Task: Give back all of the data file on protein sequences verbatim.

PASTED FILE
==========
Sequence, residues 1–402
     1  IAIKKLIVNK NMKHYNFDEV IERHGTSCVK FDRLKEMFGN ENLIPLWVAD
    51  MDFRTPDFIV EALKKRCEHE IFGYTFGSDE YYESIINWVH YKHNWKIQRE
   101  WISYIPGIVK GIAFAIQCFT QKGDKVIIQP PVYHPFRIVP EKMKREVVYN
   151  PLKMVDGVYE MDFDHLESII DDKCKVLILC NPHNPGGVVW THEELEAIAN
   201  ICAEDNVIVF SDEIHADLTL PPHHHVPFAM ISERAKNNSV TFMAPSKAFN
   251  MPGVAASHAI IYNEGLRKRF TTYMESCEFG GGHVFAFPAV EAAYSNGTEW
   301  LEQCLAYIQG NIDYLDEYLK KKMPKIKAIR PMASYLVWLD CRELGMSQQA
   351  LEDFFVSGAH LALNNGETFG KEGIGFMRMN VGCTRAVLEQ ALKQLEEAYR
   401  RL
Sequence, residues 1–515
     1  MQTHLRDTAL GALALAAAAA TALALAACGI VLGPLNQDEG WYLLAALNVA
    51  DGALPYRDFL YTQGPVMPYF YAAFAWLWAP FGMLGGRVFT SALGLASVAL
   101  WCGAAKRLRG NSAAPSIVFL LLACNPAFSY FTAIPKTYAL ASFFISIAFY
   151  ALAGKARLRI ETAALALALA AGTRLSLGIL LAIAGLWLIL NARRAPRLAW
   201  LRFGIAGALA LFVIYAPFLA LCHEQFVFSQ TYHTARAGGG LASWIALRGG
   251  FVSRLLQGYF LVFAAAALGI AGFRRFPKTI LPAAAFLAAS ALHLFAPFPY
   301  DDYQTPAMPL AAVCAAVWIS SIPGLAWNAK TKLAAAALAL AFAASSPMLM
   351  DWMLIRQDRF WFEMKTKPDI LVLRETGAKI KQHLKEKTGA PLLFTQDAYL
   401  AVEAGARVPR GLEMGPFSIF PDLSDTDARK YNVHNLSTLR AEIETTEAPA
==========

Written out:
Sequence, residues 1–402
     1  IAIKKLIVNK NMKHYNFDEV IERHGTSCVK FDRLKEMFGN ENLIPLWVAD
    51  MDFRTPDFIV EALKKRCEHE IFGYTFGSDE YYESIINWVH YKHNWKIQRE
   101  WISYIPGIVK GIAFAIQCFT QKGDKVIIQP PVYHPFRIVP EKMKREVVYN
   151  PLKMVDGVYE MDFDHLESII DDKCKVLILC NPHNPGGVVW THEELEAIAN
   201  ICAEDNVIVF SDEIHADLTL PPHHHVPFAM ISERAKNNSV TFMAPSKAFN
   251  MPGVAASHAI IYNEGLRKRF TTYMESCEFG GGHVFAFPAV EAAYSNGTEW
   301  LEQCLAYIQG NIDYLDEYLK KKMPKIKAIR PMASYLVWLD CRELGMSQQA
   351  LEDFFVSGAH LALNNGETFG KEGIGFMRMN VGCTRAVLEQ ALKQLEEAYR
   401  RL
Sequence, residues 1–515
     1  MQTHLRDTAL GALALAAAAA TALALAACGI VLGPLNQDEG WYLLAALNVA
    51  DGALPYRDFL YTQGPVMPYF YAAFAWLWAP FGMLGGRVFT SALGLASVAL
   101  WCGAAKRLRG NSAAPSIVFL LLACNPAFSY FTAIPKTYAL ASFFISIAFY
   151  ALAGKARLRI ETAALALALA AGTRLSLGIL LAIAGLWLIL NARRAPRLAW
   201  LRFGIAGALA LFVIYAPFLA LCHEQFVFSQ TYHTARAGGG LASWIALRGG
   251  FVSRLLQGYF LVFAAAALGI AGFRRFPKTI LPAAAFLAAS ALHLFAPFPY
   301  DDYQTPAMPL AAVCAAVWIS SIPGLAWNAK TKLAAAALAL AFAASSPMLM
   351  DWMLIRQDRF WFEMKTKPDI LVLRETGAKI KQHLKEKTGA PLLFTQDAYL
   401  AVEAGARVPR GLEMGPFSIF PDLSDTDARK YNVHNLSTLR AEIETTEAPA